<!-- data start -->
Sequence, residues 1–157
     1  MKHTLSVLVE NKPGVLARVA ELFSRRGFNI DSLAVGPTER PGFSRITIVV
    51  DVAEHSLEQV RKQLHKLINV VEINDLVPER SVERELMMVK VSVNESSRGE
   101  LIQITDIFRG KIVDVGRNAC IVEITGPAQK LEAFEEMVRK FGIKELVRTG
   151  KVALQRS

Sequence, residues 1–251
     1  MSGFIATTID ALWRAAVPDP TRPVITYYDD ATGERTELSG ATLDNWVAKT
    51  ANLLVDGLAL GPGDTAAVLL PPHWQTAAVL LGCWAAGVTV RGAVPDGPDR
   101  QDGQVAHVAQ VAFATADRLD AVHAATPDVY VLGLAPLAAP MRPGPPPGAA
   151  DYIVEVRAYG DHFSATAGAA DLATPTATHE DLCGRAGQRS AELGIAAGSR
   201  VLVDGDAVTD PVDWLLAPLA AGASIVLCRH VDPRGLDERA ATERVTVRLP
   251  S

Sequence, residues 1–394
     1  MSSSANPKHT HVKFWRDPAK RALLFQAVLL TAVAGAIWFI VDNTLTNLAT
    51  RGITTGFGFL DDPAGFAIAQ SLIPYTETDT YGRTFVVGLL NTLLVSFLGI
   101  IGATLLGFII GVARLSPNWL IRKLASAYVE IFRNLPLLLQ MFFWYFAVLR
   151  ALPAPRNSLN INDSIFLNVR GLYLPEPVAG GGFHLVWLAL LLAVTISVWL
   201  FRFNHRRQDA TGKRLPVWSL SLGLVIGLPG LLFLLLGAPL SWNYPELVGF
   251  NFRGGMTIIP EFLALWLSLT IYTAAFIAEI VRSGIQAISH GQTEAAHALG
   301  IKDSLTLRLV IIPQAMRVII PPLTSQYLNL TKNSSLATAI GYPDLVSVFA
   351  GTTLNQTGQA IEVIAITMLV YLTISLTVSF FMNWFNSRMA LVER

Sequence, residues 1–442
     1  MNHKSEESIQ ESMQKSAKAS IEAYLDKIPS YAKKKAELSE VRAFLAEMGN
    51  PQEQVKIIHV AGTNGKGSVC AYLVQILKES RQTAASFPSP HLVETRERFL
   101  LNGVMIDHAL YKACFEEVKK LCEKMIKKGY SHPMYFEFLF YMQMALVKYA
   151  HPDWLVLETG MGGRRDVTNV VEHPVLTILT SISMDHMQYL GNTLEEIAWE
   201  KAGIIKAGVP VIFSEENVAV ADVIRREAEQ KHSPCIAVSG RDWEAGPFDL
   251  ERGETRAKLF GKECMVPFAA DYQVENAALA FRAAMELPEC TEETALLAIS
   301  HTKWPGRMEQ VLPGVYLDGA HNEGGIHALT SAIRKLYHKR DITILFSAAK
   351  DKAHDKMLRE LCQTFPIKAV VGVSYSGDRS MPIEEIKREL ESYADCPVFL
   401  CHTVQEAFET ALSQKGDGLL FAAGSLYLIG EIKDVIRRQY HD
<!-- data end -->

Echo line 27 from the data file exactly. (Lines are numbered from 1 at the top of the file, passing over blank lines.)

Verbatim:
   201  KAGIIKAGVP VIFSEENVAV ADVIRREAEQ KHSPCIAVSG RDWEAGPFDL